- My B2B client base expanded to 6 different companies – helping them predict their revenue by tying their marketing investments to new revenue activities at an executive level. These companies were global in nature with headquarters throughout the US with revenues ranging from $50M to $15B+ spanning a range of industries. I am very grateful for the opportunity for my company to help them!
- Forrester Research cited my company in their first report on best practices for business to business key performance marketing indices (KPIs). This was very exciting for me!
- I spoke at a number of engagements including presenting with one with one of my customers showcasing how we established KPIs for her business by working through key process elements. We also spoke at the leading demand generation conference on this same topic.
Interesting observation across my 2H11 experiences – each of my clients had a different set of sales and marketing technology choices around marketing automation (as an example Eloqua, Marketo, Manticore, Leadformix) and CRM/data sourcing (Zoominfo, Jigsaw, Data.com, Dun and Bradstreet) leading to very different outcomes in segmentation, data quality, campaign effectiveness, and overall marketing ROI. There was a strong correlation to those first working on their business strategy, then selecting their technology to support the strategy, in terms of sales and marketing ROI effectiveness.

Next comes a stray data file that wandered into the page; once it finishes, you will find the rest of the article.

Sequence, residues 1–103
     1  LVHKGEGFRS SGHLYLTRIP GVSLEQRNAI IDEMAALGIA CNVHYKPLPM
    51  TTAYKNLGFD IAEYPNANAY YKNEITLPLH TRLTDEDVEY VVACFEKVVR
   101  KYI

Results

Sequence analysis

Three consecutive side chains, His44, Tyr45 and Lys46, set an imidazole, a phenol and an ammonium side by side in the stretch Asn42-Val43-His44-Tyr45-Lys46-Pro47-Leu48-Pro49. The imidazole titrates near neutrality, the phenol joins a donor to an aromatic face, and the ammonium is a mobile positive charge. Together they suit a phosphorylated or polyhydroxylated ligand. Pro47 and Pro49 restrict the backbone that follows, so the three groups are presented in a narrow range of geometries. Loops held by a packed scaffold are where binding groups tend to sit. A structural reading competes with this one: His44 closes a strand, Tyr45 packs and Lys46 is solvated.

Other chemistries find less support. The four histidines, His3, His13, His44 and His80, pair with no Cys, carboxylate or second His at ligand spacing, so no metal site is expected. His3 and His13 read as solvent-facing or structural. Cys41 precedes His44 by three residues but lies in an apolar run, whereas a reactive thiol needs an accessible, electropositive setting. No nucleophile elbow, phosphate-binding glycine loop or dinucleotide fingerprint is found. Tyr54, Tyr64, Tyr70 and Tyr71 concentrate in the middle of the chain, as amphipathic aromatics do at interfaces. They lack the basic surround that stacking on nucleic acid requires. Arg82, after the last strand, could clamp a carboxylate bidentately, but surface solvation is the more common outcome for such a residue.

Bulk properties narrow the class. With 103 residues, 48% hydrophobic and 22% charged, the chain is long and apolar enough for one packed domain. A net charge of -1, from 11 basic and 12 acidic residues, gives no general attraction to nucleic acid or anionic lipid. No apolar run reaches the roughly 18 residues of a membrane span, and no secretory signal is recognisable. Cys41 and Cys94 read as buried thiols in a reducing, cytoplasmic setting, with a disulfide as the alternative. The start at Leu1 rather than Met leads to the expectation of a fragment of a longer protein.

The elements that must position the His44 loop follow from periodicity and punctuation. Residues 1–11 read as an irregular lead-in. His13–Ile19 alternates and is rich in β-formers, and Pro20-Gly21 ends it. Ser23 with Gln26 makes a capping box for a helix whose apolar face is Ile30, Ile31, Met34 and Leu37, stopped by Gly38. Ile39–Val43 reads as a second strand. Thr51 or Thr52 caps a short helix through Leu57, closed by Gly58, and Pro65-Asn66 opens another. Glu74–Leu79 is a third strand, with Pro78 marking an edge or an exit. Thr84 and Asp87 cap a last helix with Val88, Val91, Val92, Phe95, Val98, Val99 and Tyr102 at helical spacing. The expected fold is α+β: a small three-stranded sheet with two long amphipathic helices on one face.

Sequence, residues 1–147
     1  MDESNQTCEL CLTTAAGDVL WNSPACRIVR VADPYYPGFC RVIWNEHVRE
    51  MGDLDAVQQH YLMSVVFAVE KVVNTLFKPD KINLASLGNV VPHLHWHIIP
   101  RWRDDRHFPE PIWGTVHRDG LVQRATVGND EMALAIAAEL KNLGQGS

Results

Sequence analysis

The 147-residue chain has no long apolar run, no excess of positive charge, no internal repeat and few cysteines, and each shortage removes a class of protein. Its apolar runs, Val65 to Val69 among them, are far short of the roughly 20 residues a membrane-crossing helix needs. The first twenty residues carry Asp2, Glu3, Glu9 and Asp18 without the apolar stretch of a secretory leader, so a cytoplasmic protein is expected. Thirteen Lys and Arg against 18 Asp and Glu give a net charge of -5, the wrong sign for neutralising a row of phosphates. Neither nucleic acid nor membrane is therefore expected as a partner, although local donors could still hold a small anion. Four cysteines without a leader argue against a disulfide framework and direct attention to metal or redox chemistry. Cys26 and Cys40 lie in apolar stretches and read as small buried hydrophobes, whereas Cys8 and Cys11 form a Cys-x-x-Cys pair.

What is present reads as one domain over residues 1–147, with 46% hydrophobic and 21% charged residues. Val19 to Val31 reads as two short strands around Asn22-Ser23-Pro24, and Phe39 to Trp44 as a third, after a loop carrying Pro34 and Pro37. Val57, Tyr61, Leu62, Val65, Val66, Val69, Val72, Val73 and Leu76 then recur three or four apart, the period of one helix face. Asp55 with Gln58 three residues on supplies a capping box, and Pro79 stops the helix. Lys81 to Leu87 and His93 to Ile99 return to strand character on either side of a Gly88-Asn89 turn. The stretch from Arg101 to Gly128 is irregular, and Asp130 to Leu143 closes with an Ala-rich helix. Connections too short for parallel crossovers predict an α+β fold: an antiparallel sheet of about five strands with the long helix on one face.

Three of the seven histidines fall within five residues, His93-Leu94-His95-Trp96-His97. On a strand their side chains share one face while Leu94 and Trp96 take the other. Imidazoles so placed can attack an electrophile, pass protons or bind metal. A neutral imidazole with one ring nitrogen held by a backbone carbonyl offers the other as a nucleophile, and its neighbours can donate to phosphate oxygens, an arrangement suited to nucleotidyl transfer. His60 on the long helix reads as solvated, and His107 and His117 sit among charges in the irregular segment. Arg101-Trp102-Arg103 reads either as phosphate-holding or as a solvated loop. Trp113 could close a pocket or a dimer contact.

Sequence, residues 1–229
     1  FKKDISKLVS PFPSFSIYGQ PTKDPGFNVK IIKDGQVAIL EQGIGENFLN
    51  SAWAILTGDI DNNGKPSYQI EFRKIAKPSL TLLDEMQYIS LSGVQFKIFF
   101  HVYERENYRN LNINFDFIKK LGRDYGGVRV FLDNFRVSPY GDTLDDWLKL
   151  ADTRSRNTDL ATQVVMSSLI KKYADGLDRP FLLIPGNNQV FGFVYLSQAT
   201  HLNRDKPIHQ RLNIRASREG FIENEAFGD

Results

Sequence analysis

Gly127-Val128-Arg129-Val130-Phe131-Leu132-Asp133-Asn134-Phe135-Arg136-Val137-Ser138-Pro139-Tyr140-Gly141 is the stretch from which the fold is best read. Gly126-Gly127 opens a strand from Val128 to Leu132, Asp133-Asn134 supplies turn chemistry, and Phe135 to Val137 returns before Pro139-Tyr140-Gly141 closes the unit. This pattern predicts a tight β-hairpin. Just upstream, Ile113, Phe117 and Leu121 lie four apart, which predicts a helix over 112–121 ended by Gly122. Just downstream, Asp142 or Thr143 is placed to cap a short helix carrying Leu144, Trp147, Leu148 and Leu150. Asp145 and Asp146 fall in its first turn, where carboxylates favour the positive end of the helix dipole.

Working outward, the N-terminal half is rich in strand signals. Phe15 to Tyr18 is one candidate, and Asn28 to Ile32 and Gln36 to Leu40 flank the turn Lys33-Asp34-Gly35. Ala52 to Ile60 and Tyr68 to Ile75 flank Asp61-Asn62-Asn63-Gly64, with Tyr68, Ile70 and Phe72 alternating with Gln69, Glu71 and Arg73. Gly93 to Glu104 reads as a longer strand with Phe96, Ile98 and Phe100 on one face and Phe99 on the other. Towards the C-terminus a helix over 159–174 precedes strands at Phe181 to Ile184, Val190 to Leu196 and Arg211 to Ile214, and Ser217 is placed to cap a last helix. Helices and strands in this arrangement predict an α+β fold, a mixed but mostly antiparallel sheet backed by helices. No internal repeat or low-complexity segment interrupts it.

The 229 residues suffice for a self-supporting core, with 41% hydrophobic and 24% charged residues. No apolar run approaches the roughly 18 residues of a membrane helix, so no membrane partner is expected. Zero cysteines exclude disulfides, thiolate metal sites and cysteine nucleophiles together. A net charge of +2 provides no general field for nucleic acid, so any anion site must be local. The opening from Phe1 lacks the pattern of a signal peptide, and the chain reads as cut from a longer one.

2012 looks very promising so far – there is an underserved need at an executive level of connecting marketing to new revenue – in large part because there are so many technological combinations and a varying skillset of people.
Thank you again to my clients! Good luck to all in 2012!
October 13, 2011
As you’ve seen in previous posts, customer needs and revenue trajectory dictate technology decisions for the companies providing services. As mid-sized companies contemplate how to get their sales teams more productive and get revenue quicker, they have a variety of marketing automation choices – Pardot, Infustionsoft, and now Marketo. After listening to Marketo’s newest offer and watching a detailed demo, and contrasting it to the capabilities that some of my clients have, I am really impressed with Marketo’s offer. I am not compensated by them in any way nor by any other marketing automation vendor. Here’s why I’m impressed:
- After studying a variety of models at high and low ends, the integration with Salesforce.com is key. Marketo has perfected a native connection that makes it easy for companies to do this integration. From my client experiences and my own, other automation systems lack in this area. They’ll claim they have the functionality but it isn’t as clean as that of Marketo’s.
- At $750/month, it’s competitive with other offers – but what’s nice is if the company grows and has more need, there is no rip and replace needed in this cloud based solution. A configuration change is needed in the cloud. Now while I’ve not actually deployed this Spark software, it is my sense that with the upgrade, more business processes will be needed to be defined. This is a category of ‘good headaches to have’. The other lower end solutions do not have this capability. This makes Marketo an ideal ‘try before you buy’ scenario.
- Ease of use – the 4 step process makes this system incredibly easy to use so for a marketing shop with few or limited resources, this is definitely a solution to be aware of.